memorialrecalls the period of the Second World War between 1943 and 1945,
at the USAF Station DEENETHORPE east of Corby.Situated on the roadside alongside the former airfield, the inscription
To remember the 401st Bombardment Group H
8thUnited States Air Force Station 126
October 1943 – June 1945
Thebest damned outfit in the USAF
The church at WELDON near Corby has an unusual lantern top to its tower.
This area was once surrounded by dense
woodland and a traveller became hopelessly lost there until he spotted the
tower of the church above the trees.In
gratitude he paid for the lantern top to be placed on the tower and so created
an inland lighthouse!
An old stone built circular building with a
conical roof stands alongside the village green at WELDON. It is a former Roundhouseor village lock-up used in
former times to detain minor law breakers and drunks.
Thomas Tresham was a notable 16th century Roman Catholic
convertwho owned a variety of
properties in Northamptonshire.Tresham became obsessed with his beliefs, for which he was imprisoned,
and he constructed two curious allegoric buildings.
The Triangular Lodge was erected in the grounds of Rushton
Hall south west Corby in 1593.This
folly has :
Just 3 sides, each one 33ft 3ins long,
3 floors, each with 3 triangular
windows in each wall,
3 triangular gables to each side with
3 pinnacles above,
3 x 3 gargoyles,
Latin inscriptions in double 3
couplets, each line with 33 letters. All these depicting the Trinity.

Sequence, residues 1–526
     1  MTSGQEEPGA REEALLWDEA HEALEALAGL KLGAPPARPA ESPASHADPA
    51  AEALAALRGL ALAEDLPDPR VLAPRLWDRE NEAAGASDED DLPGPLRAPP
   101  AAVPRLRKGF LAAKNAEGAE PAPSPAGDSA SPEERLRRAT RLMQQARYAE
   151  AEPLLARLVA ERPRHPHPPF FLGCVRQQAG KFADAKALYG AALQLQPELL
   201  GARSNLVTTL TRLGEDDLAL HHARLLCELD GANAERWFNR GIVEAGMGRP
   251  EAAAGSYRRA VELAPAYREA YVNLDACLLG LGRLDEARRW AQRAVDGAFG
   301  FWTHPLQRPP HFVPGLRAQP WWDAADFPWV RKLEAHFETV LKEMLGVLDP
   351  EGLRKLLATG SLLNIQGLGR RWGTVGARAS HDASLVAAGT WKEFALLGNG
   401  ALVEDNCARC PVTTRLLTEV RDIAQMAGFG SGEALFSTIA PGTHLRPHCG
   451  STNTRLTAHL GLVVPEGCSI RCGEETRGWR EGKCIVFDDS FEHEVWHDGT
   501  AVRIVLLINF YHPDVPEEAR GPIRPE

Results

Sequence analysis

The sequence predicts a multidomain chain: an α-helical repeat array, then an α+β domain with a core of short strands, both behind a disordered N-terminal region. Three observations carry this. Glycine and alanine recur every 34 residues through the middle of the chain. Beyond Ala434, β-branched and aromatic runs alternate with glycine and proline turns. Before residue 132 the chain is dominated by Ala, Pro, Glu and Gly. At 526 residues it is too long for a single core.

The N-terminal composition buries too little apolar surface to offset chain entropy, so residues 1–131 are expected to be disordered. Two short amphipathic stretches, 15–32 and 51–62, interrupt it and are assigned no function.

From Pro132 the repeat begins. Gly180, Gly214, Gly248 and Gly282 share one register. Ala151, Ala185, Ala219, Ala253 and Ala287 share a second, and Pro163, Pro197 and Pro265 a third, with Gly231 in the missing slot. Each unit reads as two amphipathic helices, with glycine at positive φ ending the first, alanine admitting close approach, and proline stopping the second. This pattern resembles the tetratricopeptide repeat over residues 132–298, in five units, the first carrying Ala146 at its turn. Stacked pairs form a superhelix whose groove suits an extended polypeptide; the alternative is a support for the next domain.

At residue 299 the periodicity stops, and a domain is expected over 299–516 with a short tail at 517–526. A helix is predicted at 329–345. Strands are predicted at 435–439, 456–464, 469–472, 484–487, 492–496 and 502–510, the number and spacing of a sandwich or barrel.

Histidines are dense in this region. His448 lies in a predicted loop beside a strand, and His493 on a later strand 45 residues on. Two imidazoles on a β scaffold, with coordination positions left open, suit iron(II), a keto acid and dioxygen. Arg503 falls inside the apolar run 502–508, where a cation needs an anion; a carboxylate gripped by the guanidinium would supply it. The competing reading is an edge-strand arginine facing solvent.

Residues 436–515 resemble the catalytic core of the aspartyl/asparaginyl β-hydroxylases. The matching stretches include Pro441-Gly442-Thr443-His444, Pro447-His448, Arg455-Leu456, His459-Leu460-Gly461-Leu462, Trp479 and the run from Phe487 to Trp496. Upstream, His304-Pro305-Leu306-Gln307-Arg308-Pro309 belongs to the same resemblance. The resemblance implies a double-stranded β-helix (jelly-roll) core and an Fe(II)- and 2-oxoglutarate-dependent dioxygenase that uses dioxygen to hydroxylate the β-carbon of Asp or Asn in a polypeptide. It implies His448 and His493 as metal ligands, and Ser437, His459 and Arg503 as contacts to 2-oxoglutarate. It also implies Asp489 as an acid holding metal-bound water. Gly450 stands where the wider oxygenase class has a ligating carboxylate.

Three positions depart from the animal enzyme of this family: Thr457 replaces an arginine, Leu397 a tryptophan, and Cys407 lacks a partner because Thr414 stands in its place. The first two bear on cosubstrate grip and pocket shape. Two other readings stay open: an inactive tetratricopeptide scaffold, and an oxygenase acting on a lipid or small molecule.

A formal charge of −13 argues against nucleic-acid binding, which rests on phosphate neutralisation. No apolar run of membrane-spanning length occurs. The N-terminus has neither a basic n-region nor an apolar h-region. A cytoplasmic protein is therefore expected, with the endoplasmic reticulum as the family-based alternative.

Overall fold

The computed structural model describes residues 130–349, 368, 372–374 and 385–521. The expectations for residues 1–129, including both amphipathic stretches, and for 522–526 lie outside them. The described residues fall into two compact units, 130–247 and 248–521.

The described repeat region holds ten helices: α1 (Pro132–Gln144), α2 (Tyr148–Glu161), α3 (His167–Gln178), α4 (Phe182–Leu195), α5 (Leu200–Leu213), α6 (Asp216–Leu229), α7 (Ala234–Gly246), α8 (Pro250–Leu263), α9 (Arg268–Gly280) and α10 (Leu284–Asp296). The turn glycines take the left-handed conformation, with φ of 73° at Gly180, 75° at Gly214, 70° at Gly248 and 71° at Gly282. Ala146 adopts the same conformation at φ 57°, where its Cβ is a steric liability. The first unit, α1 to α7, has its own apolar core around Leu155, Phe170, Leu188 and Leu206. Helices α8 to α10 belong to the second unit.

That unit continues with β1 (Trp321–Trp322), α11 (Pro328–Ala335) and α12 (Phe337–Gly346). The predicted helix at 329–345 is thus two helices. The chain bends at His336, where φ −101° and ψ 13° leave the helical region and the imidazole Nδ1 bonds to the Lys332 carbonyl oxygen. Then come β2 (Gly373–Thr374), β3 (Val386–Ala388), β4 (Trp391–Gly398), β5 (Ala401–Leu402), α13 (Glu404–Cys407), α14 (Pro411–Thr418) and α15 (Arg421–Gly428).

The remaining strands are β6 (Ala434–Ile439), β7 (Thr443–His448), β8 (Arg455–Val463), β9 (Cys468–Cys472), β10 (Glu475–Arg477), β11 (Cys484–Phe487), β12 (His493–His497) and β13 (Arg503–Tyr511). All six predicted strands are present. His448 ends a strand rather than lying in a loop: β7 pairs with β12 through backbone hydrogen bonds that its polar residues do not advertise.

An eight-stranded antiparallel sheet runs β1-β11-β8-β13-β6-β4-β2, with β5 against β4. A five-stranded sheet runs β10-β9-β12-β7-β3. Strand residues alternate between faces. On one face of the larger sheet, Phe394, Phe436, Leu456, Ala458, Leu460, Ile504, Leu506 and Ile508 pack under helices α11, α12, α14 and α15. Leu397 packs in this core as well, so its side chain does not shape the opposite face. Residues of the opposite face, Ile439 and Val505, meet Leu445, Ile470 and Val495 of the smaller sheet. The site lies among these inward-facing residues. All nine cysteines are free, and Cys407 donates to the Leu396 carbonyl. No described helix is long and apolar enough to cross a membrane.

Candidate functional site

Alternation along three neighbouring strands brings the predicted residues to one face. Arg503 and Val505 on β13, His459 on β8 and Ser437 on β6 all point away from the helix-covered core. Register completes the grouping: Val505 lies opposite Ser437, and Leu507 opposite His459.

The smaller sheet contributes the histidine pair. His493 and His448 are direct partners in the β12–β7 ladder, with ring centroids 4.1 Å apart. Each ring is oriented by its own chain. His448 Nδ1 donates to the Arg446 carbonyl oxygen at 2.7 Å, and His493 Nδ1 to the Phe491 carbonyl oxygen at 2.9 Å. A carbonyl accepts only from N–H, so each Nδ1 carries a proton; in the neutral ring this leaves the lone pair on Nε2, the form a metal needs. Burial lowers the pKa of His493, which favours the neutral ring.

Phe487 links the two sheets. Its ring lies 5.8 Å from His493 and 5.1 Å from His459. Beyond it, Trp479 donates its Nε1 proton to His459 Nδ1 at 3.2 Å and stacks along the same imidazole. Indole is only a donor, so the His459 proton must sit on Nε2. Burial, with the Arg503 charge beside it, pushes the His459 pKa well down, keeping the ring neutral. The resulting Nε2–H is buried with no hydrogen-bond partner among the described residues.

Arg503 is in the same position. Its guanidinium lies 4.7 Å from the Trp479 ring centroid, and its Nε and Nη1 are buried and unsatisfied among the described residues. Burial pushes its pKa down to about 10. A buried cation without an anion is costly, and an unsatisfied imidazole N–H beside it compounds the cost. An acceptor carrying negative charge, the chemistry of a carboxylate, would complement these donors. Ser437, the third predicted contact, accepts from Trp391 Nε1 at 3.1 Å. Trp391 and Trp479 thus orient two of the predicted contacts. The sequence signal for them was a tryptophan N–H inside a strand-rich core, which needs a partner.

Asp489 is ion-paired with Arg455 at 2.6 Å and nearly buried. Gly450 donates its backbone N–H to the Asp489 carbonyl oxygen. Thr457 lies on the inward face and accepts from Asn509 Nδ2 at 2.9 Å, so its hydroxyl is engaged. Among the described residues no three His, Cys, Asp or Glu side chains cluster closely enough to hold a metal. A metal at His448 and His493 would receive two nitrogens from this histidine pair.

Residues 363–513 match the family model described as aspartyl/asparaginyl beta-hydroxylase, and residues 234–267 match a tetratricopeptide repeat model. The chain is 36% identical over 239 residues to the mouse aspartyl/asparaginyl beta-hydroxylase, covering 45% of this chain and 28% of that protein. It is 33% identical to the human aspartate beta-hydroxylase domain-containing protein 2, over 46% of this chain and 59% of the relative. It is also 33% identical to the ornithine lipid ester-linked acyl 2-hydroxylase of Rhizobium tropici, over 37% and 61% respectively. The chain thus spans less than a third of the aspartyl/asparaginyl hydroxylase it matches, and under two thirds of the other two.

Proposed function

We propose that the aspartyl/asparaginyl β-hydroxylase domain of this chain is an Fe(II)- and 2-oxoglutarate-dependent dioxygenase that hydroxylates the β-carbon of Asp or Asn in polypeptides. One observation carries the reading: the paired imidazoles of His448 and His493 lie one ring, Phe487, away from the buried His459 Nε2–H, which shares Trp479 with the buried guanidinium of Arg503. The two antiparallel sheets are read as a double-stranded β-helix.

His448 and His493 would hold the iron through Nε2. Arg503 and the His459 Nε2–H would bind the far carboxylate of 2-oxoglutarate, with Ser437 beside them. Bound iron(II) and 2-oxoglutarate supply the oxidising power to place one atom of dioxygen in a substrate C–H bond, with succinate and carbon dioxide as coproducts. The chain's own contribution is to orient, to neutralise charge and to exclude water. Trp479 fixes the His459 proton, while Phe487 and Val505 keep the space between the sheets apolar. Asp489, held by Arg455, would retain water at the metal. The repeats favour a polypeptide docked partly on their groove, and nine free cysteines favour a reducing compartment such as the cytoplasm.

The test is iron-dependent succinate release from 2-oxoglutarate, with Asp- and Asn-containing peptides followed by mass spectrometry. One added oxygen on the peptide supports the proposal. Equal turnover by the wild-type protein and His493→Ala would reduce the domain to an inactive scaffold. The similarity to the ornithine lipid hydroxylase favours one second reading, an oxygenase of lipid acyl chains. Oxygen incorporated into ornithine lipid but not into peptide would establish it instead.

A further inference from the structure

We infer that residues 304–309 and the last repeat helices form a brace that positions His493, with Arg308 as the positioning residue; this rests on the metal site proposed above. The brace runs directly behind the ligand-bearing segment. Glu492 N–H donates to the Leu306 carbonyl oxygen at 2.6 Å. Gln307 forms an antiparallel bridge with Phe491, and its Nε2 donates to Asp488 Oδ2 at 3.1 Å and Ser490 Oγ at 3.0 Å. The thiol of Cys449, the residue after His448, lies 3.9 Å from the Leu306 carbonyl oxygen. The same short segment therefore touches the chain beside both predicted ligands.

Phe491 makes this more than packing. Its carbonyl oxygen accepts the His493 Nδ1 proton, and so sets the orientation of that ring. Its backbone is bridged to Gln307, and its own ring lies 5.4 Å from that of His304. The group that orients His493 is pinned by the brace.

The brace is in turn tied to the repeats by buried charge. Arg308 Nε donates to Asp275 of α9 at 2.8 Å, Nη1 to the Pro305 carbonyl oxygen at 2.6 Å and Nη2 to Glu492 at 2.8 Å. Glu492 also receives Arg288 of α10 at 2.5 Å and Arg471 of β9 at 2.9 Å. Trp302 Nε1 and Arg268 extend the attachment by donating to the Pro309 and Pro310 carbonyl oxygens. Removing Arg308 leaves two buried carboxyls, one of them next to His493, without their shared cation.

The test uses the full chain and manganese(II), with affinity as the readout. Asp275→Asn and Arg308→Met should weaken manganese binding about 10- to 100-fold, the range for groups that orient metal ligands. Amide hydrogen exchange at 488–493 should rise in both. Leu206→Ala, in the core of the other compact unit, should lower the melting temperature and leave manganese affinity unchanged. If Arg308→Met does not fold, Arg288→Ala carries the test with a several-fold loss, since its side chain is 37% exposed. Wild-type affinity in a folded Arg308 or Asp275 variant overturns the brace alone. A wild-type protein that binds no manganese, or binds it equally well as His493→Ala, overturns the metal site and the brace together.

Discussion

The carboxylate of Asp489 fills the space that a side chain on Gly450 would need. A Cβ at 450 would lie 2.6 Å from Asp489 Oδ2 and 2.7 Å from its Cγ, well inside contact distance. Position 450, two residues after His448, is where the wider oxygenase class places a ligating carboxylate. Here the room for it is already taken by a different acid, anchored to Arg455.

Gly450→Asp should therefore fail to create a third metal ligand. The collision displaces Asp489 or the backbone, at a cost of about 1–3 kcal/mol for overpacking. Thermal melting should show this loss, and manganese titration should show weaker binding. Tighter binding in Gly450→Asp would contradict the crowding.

extraordinary building is now in the care of English Heritage.
Lyvedon New Bield was to have been built as a garden
house in the grounds of Lyvedon Bield south east of Corby in 1595.The building was designed in the shape of a
Greek cross and the exterior incorporates friezes inscribed with religious
quotations and signs of the passion.Sir Thomas died before the building was completed and the shell is now
in the care of the National Trust.
fine 13th century stone cross at Geddington south of Corby, is one of
only three of the surviving EleanorCrosses.Queen Eleanor was the
wife of King Edward 1 and when she died at Harby in Lincolnshire on 28th
November 1290, her body was taken to Westminster Abbey for burial.In memory of his wife, Edward ordered that
elaborate stone crosses be erected at points where the cortege rested on its
journey.Of the crosses erected at Lincoln,
Grantham, Stamford, Geddington, Hardingstone, Stony Stratford, Woburn,
Dunstable, St Albans, Waltham Abbey and Charing. Only those at Geddington,
Hardingstone and Waltham Abbey have survived.
BADBYis a charming rural village on the
upper reaches of the River Nene south of Daventry in Northamptonshire.
An unusual house situated at the
roadside just outside Badby may have been a gate-house or a toll-house.This tiny early 19th century
building is known locally as The Lantern
House because of its distinct shape.
It has now been restored as a dwelling.
AYNOis a small village of Anglo Saxon
foundation situated in the far south of Northamptonshire south of Brackley.
are an unusual feature in this pretty village, and although relatively rare in
this country they apparently thrive in this limestone village.Fan trained apricot trees adorn the walls of
many of the ancient cottages in the village where they flourish in the
southerly aspect and the limestone soil.The trees are harvested in September and in former times, the lords of
The manor claimed the fruits as part of the cottage rents.